EAP AKA RFC 4187 PDF

In certain circumstances, shown in Figure 4, it is possible for the sequence numbers to get out of sequence. This sentence is misleading. It is recommended that the EAP servers implement some centralized mechanism to allow all EAP servers of the home operator to map pseudonyms generated by other severs to the permanent identity. It is recommended that the EAP servers implement some centralized mechanism to allow all EAP servers of the home operator to map pseudonyms generated by other servers to the permanent identity. For example, on the second fast re-authentication, counter value is two or greater, etc. It should say: [

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It does not specify an Internet standard of any kind. Distribution of this memo is unlimited. EAP-AKA includes optional identity privacy support, optional result indications, and an optional fast re-authentication procedure. Table of Attributes Security Considerations Identity Protection Mutual Authentication Flooding the Authentication Centre Key Derivation Brute-Force and Dictionary Attacks Protection, Replay Protection, and Confidentiality Negotiation Attacks Protected Result Indications Man-in-the-Middle Attacks Generating Random Numbers Security Claims Acknowledgements and Contributions Normative References Informative References Pseudo-Random Number Generator SA ].

AKA is based on challenge-response mechanisms and symmetric cryptography. In this document, both modules are referred to as identity modules. These include the following: o The use of the AKA also as a secure PPP authentication method in devices that already contain an identity module. AKA works in the following manner: o The identity module and the home environment have agreed on a secret key beforehand.

If this process is successful the AUTN is valid and the sequence number used to generate AUTN is within the correct range , the identity module produces an authentication result RES and sends it to the home environment. If the result is correct, IK and CK can be used to protect further communications between the identity module and the home environment. When verifying AUTN, the identity module may detect that the sequence number the network uses is not within the correct range.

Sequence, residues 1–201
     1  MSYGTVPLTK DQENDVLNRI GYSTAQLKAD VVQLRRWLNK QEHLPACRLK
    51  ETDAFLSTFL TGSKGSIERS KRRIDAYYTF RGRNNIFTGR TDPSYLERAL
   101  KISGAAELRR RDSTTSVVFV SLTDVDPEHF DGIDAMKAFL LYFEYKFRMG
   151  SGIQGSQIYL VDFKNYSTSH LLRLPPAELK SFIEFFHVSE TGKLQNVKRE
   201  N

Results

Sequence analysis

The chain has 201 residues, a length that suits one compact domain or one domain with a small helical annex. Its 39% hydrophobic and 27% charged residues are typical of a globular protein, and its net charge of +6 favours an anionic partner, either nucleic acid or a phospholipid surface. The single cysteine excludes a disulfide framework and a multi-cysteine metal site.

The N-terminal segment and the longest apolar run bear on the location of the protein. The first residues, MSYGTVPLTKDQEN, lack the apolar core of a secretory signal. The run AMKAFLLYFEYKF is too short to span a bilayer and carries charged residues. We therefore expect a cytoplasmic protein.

In this case, the identity module calculates a sequence number synchronization parameter AUTS and sends it to the network. AKA authentication may then be retried with a new authentication vector generated using the synchronized sequence number. In the 3rd generation mobile networks, AKA is used for both radio network authentication and IP multimedia service authentication purposes.

This document frequently uses the following terms and abbreviations. The mobile network element that can authenticate subscribers in the mobile networks. A value generated by the peer upon experiencing a synchronization failure, bits. The 3rd Generation AKA is not used in the fast re-authentication procedure.

Fast Re-Authentication Identity A fast re-authentication identity of the peer, including an NAI realm portion in environments where a realm is used.

Used on re-authentication only. Fast Re-Authentication Username The username portion of fast re-authentication identity, i. The identity module may be an integral part of the mobile device or it may be an application on a smart card distributed by a mobile operator.

Nonce A value that is used at most once or that is never repeated within the same cryptographic context. In general, a nonce can be predictable e. Because some cryptographic properties may depend on the randomness of the nonce, attention should be paid to whether a nonce is required to be random or not. In this document, the term nonce is only used to denote random nonces, and it is not used to denote counters. Permanent Identity The permanent identity of the peer, including an NAI realm portion in environments where a realm is used.

The permanent identity is usually based on the IMSI. Used on full authentication only. Permanent Username The username portion of permanent identity, i. Pseudonym Username The username portion of pseudonym identity, i.

Random number generated by the AuC, bits. R UIM is an application that is resident on devices such as smart cards, which may be fixed in the terminal or distributed by CDMA operators when removable. Sequence number used in the authentication process, 48 bits. The authenticator typically communicates with an EAP server that is located on a backend authentication server using an AAA protocol.

As specified in [ RFC ], the initial identity request is not required, and MAY be bypassed in cases where the network can presume the identity, such as when using leased lines, dedicated dial-ups, etc.

Please see Section 4. From the vector, the EAP server derives the keying material, as specified in Section 6. The vector may be obtained by contacting an Authentication Centre AuC on the mobile network; for example, per UMTS specifications, several vectors may be obtained at a time.